Narrative Through Commentaries


James Parker has an interesting entry in his blog that centers on sports titles and their play-by-play commentaries. James argues that games like FIFA 09 contain responsive narratives that come much closer to player-generated stories than anything else in the medium.


Is this a story? Well, technically, but that doesn't mean it's a great one.

Although there have been much more ambitious attempts at such systems, I’d have to agree that none have pulled it off quite as well.

Chris Crawford’s Balance of Power: 21st Century, for example, has a much grander scope than a typical sports game. The freedom it provides, though, tends to create expectations of an infinitely open experience that the game can’t possibly match. As a result, the initial play can be exhilarating, but the sensation quickly wears off when the player runs into a situation where he cannot do what he desires.

Of course the more focused nature of sports games isn’t their only advantage when it comes to telling dynamic stories. The games’ audience often recognizes and empathizes with the game’s cast: the athletes. Furthermore, the purely voice-driven commentaries inherently convey emotion and are easier to digest than text.


The emoticon-like faces help to add personality to the game, but the Madlibs effect is hard to ignore.

As was pointed out on Gim Crack’d, the Madlibs approach of Balance of Power just doesn’t come off quite as organic. Its phrasal templates are powerful, but not subtle, and their patterns are relatively easy to spot. The end results are robotic strings of text that look like a programmer’s debug output, i.e.:

“The [a] successfully captured [b] in [c].”

“Production of [x] increased by [n] during [t].”

As I’ve stated before, I’m more a fan of the game telling a story rather than it becoming a storytelling tool for the player. Still, commentaries can be — and have been for a long time now — useful in more crafted experiences. Their obvious boon is that they serve as a reward and an acknowledgement of the player’s actions. Beyond that, they can also be used to point out gameplay elements and encourage the player to reflect on the story.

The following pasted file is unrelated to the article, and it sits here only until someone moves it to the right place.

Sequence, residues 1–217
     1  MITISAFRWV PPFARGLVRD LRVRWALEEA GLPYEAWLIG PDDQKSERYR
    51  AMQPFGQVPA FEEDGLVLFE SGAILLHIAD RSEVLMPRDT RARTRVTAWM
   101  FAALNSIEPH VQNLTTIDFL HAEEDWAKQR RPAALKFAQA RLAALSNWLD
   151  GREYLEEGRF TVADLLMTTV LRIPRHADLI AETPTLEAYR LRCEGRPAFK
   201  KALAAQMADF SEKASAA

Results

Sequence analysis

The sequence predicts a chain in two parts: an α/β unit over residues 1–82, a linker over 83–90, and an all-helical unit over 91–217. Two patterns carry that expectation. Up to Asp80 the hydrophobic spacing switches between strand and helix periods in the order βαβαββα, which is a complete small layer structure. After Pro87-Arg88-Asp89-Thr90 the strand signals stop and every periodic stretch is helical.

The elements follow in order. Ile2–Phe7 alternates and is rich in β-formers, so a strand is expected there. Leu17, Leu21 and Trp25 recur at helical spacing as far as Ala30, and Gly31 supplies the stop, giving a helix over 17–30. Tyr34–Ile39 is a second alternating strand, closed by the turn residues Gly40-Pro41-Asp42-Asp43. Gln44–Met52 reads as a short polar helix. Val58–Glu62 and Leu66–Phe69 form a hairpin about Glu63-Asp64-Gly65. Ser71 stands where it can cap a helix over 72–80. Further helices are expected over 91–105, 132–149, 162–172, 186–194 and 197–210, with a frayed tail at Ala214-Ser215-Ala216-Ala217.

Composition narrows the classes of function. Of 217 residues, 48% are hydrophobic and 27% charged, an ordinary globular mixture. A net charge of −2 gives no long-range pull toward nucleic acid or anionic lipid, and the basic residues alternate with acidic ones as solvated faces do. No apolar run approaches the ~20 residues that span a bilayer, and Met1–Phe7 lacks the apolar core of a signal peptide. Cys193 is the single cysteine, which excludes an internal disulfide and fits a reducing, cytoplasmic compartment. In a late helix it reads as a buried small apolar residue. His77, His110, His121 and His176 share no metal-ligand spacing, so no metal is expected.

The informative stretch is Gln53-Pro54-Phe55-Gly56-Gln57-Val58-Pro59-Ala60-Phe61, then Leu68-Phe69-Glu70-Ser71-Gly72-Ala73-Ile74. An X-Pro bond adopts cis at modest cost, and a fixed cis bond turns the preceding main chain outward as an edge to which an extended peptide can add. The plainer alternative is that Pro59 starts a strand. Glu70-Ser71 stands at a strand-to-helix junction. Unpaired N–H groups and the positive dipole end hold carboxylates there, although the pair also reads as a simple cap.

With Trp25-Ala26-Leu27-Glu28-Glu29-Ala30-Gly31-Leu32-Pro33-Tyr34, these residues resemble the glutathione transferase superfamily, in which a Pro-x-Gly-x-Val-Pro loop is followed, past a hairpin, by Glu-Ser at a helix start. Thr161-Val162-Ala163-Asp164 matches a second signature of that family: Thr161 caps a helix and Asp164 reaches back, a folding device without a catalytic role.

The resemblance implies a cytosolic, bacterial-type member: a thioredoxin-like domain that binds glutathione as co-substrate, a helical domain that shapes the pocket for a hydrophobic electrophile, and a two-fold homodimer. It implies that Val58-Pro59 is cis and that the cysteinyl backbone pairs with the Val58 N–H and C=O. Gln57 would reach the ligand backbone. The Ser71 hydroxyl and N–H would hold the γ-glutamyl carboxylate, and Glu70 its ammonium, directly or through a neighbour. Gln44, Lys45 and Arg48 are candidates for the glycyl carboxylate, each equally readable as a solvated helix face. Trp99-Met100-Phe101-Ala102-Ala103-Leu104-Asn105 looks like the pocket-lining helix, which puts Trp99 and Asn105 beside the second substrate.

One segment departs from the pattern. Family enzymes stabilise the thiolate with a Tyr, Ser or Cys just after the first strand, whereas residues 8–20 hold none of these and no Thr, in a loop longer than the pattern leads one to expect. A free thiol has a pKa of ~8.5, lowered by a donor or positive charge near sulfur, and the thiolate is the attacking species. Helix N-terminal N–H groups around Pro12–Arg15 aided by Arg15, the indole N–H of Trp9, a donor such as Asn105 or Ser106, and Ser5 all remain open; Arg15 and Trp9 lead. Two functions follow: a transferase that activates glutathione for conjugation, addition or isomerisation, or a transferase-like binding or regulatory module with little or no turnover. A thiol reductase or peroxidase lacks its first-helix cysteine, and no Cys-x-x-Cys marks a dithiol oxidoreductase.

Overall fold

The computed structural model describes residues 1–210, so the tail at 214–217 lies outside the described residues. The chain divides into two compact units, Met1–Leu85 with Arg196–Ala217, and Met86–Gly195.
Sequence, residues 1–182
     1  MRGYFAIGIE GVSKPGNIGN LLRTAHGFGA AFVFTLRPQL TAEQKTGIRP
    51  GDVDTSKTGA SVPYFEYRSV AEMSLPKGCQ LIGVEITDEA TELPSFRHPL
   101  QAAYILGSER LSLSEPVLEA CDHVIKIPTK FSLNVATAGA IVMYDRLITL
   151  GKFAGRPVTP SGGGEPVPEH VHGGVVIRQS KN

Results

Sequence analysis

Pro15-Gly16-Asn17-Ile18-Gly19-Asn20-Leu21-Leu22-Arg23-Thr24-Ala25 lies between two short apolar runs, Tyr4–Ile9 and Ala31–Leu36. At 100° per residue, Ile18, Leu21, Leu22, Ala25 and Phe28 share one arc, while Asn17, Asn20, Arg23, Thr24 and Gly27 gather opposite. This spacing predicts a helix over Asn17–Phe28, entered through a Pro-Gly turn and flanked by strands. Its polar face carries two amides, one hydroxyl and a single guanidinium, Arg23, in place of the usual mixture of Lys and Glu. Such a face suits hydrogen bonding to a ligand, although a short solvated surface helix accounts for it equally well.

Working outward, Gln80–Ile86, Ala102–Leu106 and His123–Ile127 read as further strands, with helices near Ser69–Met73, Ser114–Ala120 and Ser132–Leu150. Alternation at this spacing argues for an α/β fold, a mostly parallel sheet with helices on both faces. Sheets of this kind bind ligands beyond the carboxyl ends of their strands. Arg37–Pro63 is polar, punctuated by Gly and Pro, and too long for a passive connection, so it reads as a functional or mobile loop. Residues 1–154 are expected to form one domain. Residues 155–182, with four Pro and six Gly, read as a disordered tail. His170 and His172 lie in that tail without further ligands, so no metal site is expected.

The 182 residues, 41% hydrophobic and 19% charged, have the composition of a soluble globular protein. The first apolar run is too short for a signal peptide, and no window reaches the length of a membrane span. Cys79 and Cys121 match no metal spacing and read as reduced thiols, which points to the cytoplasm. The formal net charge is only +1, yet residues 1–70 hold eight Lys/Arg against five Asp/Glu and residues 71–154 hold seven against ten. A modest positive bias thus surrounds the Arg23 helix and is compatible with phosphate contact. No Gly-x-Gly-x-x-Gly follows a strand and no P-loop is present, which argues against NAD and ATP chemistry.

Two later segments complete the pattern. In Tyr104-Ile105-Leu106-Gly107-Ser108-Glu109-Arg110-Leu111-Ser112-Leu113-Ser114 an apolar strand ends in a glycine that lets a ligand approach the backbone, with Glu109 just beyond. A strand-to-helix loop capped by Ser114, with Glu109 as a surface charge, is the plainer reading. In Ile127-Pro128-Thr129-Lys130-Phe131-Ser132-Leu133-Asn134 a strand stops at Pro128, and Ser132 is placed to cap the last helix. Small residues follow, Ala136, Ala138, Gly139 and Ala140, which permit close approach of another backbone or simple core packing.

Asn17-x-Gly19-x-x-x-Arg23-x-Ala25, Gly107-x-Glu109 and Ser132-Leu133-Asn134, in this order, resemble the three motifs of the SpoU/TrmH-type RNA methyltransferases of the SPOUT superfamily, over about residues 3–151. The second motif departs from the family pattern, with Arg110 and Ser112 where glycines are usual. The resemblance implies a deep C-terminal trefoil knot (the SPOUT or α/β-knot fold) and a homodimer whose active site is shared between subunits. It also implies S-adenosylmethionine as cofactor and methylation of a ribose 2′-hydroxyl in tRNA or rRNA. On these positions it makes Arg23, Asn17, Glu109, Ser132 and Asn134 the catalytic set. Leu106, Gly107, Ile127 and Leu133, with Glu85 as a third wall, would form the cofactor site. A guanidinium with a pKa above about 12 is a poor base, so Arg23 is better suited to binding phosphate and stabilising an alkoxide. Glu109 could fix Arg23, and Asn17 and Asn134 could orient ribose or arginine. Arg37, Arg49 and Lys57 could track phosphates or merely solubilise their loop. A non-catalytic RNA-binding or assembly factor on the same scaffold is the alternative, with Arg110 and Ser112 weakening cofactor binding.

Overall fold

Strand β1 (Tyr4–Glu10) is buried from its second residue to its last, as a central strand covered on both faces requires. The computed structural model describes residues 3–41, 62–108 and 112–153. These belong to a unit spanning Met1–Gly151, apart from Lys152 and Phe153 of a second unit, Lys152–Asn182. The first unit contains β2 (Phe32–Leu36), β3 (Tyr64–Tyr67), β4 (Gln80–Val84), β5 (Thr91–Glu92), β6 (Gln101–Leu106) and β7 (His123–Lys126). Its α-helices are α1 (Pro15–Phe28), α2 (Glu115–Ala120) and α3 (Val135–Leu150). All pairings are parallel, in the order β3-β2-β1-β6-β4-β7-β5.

JRPGs are notorious for their rudimentary and often entirely artificial choices, e.g., “Do you want to save the princess?” Chances are that no matter how many times you pick no, the game will keep asking you the same question until you choose “yes.” However, despite being a very shallow interaction, these moments serve to pause the narrative and remind the player that there is a princess that needs saving. Commentaries on the player’s actions — or inaction, for that matter — can be used in much the same way.


The protagonist of Aquaria also serves as its narrator, describing the backstory and commenting on events as they transpire.

What’s more, these commentaries can inform the player of the consequences of his actions, or just general plot points that might’ve been missed. In a way, it’s almost like having a short conversation with a friend while watching a movie; it can serve to fill in the gaps and provide a new point of view.

Whether linear or open-ended, and whether on a sporadic or a constant basis, games that have used commentaries were largely better for it. Just think of Guybrush Threepwood’s quips in Monkey Island, uppity Baldur’s Gate characters, the prince’s narration in Sands of Time, Alyx Vance’s feedback in Half-Life, the “barks” of Call of Duty team members, etc., all these titles would’ve been a lot more silent, dull and lonely without their great use of commentaries.

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